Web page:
House in Trees

The site is characterized by its remote feeling and mature trees; this despite being surrounded by dense urban development.  It is an unusual paradox to have such a natural setting that occurs in the middle of Los Angeles – a city known for its endless sprawl and crawling traffic.

The goal was to preserve the natural features where practical – even if this meant having a tree grow through the house. The steep hillside allows the house to cantilever as a design solution to minimize foundations.  This act of cantilevering also preserves as much native yard space as possible for planting.

To maintain privacy, the house is located close to the center of the lot to create a buffer between it – and other adjoining conditions such as a public street and other houses.

The house is conceived as two separate units under one roof. The main part of the house is two bedrooms and is designed for a family of four.  The other component – separated by an outdoor breezeway – is self-contained with one bedroom, a living area, a bathroom, and a kitchen.  This secondary area is used daily as an office and entertainment area, but can easily be closed off from the main space and used by visiting friends or family.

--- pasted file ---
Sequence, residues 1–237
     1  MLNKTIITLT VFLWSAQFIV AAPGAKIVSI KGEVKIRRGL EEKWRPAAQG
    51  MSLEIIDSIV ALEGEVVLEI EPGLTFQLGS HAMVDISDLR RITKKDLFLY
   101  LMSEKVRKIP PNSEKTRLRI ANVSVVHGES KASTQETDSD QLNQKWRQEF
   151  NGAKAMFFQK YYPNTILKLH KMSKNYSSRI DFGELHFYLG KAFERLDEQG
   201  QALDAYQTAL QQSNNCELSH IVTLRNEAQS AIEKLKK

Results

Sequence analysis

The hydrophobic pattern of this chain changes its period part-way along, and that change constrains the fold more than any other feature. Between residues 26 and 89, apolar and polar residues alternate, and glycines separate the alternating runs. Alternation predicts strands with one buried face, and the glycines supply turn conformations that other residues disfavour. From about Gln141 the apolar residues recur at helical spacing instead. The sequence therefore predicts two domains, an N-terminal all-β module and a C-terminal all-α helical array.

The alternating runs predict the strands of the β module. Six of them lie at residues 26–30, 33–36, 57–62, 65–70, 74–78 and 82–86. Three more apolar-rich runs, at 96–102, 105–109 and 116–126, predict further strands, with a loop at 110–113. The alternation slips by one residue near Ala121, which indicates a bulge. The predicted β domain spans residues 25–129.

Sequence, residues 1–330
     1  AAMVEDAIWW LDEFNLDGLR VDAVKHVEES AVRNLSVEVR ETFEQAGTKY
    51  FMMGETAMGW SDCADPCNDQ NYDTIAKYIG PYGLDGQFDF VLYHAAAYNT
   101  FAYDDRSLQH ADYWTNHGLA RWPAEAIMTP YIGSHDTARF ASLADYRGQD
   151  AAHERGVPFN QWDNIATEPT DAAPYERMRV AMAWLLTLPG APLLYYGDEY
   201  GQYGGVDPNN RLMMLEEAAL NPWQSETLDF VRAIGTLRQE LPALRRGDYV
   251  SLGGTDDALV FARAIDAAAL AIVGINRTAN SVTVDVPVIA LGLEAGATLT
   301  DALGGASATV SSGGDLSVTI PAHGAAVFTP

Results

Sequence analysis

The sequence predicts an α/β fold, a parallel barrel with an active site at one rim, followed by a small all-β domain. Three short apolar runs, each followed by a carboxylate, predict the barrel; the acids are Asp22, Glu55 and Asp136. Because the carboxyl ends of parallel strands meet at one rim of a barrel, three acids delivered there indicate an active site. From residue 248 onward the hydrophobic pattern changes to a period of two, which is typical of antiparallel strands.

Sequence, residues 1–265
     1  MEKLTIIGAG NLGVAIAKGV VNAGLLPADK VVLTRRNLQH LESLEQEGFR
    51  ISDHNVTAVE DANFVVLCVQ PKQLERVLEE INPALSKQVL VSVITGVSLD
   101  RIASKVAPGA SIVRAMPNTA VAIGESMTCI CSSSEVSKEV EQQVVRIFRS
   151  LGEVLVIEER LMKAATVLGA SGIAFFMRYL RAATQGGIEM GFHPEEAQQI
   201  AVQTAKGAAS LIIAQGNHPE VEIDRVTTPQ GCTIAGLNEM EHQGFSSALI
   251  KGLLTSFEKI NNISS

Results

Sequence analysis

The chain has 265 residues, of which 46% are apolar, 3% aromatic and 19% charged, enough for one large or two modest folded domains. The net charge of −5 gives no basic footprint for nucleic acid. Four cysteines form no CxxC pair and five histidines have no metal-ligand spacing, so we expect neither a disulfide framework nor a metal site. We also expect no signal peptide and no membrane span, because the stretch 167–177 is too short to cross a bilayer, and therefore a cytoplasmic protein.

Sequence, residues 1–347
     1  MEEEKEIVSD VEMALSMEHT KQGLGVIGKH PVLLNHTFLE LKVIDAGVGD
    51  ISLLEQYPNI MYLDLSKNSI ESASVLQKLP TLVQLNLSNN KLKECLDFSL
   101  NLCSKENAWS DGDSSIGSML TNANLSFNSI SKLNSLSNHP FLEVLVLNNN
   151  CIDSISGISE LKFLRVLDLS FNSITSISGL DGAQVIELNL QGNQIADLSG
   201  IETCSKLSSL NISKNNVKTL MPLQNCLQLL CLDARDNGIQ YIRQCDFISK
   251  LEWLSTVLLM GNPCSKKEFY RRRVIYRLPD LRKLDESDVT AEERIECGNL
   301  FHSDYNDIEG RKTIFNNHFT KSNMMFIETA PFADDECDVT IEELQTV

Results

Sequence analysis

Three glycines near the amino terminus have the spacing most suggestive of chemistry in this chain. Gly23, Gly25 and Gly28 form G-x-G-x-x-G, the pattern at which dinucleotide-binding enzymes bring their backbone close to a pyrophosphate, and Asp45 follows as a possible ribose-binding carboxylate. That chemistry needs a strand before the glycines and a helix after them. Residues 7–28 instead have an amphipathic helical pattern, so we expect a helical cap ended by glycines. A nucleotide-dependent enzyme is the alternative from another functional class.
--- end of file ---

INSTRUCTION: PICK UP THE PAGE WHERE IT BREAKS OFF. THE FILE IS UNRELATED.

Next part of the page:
Date of completion: 2015

Location: Echo Park, Los Angeles, California

Clients:  Alex Klein & Joanie Ellen

Architect: Simon Storey, Anonymous Architects,

Photographers: Steve King & Michael Wells

Building sq.ft: 2,000

Method of construction: Concrete pile foundation with concrete pilasters above grade; steel (primary floor structure - cantilevers); timber floor, walls and roof.

Primary Materials: Western red cedar (fire treated); standing seam metal roofing.

Interior Materials: Reclaimed chestnut flooring, concrete slab floors, walnut cabinetry, hexagon floor tile.

Model Process